What is
Frag-Loc?
What is
Frag-Loc?
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Frag-Loc
Frag-Loc
Instructions
So you made the leap and decided to try Frag-Loc!  First, let us say,
congratulations on choosing the "5 Second Revolution".  By now you have
noticed that Frag-Loc is super simple.  But just in case you can't figure it out,
here are some instructions.
Have a Frag-Loc
success story?  
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share a
testimonial!
Step 1 - Choose the
colony you wish to
frag.

Choose a healthy colony
with lots of members!
Step 2 - Cut the
coral as close to its
base as possible.

This will give you a good
base to secure.
Step 3 - Open
Frag-Loc and insert
the base of the frag.

Scissors work well, as do
any tapered object.  If you
are serious about fragging
go to the hardware store
and ask for "external snap
ring pliers".  They only
cost a few bucks and work
even better!
Step 4 - Allow
Frag-Loc to close
and secure the frag.
Step 5 - Place the
frag in the sand or
attach it to the live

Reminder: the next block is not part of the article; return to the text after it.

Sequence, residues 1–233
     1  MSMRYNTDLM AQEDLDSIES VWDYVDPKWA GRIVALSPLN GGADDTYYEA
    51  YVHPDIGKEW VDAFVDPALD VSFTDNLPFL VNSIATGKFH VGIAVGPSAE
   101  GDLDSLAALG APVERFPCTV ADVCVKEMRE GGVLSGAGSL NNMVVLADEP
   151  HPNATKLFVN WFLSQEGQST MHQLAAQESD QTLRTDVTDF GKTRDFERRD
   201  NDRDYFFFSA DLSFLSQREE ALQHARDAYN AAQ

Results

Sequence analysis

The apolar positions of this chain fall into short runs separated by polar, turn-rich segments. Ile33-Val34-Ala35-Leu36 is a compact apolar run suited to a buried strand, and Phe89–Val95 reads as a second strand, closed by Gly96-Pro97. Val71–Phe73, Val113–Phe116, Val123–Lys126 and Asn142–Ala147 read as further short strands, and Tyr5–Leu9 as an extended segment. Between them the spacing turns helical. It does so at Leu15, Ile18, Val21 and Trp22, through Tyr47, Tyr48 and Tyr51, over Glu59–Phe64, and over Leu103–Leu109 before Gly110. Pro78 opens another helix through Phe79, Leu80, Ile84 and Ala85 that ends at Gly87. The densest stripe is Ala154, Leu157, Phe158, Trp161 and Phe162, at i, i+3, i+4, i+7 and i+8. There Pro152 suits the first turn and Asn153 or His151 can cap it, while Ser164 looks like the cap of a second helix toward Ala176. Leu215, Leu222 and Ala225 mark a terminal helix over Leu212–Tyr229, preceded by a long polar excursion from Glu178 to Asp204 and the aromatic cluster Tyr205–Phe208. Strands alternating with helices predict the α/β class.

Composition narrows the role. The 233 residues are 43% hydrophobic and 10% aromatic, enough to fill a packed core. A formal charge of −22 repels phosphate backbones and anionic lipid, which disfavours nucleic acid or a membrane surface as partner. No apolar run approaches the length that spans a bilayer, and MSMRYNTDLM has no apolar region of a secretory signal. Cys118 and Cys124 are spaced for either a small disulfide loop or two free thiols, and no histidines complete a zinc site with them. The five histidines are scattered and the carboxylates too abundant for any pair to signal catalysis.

rock.

Frag-Loc is designed with
a hollow section that
allows your substrate to
act as an anchor and hold
it securely in the sand for
grow-out.
Step 6 - Order more
Frag-Locs and repeat!
Seriously, do you really
need a picture here?
Click the button to re-order!
Special notes on using Frag-Loc:

Frag-Loc is manufactured using a semi-rigid, yet moldable plastic.  If the
gap seems too wide, simply squeeze it with your fingers and it will begin to
close after a few seconds of light pressure.  Conversely, if it seems the
gap is too small, just insert your taper or pliers as described above and
use sustained light pressure to stretch it open.  If you stretch it out too
much simply squeeze it back closed.  Once you have the gap at the
desired width, it will stay.  

It is normal for the freshly mounted frag to be VERY irritated for several
days after it is mounted.  We are happy to respond with fragging tips!  If
you have any questions on optimizing your Frag-Loc experience just
contact us.

Below is the frag that was pictured above in the tutorial.  It has been
attached for just over 2 weeks and is even starting to sprout another
polyp!  A new colony has been born.